Our recent webinar opened with a case study by Nick Broadwith, a Wensleydale beef farmer with 250 head of cattle on a 150-acre farm with an additional 50 acres of rented land.
Nick uses a four year legume and herb rich ley which he aims to get in as early as possible following spring barley. Forage rape in the mix provides protection to the more delicate herbs leading to strong establishment. The ley is winter grazed by sheep and bounces back the following spring, ready for the cattle.
Access to water proved to be a major challenge on the farm over the summer as the streams dried up. However, the diverse leys proved resilient during the hot, dry weather. While forced to sacrifice some silage fields for grazing, overall the leys performed well. Nick described how the diverse mix contributed to resilience as the species dominance varied with the changing conditions.
Nick described how he is "turning precision agriculture on its head" as he employs similar tactics in his winter cereals. Rather than applying nutrients to meet the specific needs of the crops, Nick uses a mix of oats and barley to maximize the use of available nutrients. The distribution of each species is self-selecting across the field.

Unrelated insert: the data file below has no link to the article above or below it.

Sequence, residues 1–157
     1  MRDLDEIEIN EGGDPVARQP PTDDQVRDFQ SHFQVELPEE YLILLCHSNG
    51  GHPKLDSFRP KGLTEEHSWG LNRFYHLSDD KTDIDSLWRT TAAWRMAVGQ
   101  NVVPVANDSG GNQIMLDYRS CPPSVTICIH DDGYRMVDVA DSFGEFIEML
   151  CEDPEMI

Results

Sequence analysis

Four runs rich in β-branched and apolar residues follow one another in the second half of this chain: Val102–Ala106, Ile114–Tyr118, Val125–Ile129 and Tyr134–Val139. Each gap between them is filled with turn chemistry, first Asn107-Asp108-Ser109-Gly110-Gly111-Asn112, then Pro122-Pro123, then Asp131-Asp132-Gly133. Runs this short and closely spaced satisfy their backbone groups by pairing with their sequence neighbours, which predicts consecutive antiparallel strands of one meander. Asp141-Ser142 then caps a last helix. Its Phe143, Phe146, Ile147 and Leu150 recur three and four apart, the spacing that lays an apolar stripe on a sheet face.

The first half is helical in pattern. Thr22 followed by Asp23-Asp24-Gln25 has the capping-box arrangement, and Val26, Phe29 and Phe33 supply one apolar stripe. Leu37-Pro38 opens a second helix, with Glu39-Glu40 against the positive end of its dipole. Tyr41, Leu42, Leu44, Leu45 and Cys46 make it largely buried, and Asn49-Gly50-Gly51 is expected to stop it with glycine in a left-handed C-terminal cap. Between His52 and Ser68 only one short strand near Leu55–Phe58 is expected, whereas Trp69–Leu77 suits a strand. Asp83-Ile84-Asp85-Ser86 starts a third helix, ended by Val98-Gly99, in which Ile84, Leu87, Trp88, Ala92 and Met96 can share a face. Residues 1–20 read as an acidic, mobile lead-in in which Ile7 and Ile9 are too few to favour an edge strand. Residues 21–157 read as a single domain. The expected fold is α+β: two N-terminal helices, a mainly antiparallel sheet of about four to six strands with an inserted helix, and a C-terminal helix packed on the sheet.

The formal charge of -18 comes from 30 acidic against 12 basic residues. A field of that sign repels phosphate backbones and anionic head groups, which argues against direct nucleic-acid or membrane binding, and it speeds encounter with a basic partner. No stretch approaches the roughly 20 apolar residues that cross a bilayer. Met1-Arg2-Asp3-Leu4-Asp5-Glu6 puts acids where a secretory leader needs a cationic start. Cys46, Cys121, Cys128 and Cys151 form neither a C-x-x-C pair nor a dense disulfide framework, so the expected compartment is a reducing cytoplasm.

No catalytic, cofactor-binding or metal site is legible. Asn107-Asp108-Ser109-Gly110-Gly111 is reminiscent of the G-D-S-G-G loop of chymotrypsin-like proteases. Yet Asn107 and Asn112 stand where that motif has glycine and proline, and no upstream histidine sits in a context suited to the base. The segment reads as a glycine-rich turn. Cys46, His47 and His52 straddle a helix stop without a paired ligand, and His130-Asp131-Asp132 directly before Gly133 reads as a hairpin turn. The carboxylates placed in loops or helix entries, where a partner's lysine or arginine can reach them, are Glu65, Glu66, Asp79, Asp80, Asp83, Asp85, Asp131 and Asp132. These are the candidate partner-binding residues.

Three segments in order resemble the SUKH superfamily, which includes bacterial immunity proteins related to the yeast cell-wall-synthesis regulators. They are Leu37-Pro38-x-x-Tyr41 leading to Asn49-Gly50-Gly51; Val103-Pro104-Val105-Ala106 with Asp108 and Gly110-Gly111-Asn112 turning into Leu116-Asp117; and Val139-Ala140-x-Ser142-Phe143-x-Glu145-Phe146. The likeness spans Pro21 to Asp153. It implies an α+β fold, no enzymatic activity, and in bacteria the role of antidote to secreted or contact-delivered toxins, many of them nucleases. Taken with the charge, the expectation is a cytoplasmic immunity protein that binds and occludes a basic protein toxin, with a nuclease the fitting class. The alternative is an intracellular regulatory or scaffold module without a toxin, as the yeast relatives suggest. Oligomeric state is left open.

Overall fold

Nick’s faith in diverse leys was evident. “Don’t underestimate these diverse leys,” Nick said, “I’ve been absolutely blown away by what they can do.”
Handing over to the PASTORAL team, Iain Cameron of Environment Systems showed what summer looked like from space, the typical green giving way to vast swathes of brown.
As part of the PASTORAL project, we have observation of over 500 fields. The data shows that reductions in biomass this summer compared to last were evident. While the mood of the webinar turned somewhat somber as we considered the impact of future frequent and extreme weather events predicted, we took comfort from the recovery of grasslands this Autumn.
We could see the effect drought had on grass across the country this summer, but what impact did it have on carbon dynamics?
Vasilis Myrgiotos from the University of Edinburgh explained how PASTORAL is modelling carbon flows based on the changes we see in above ground biomass.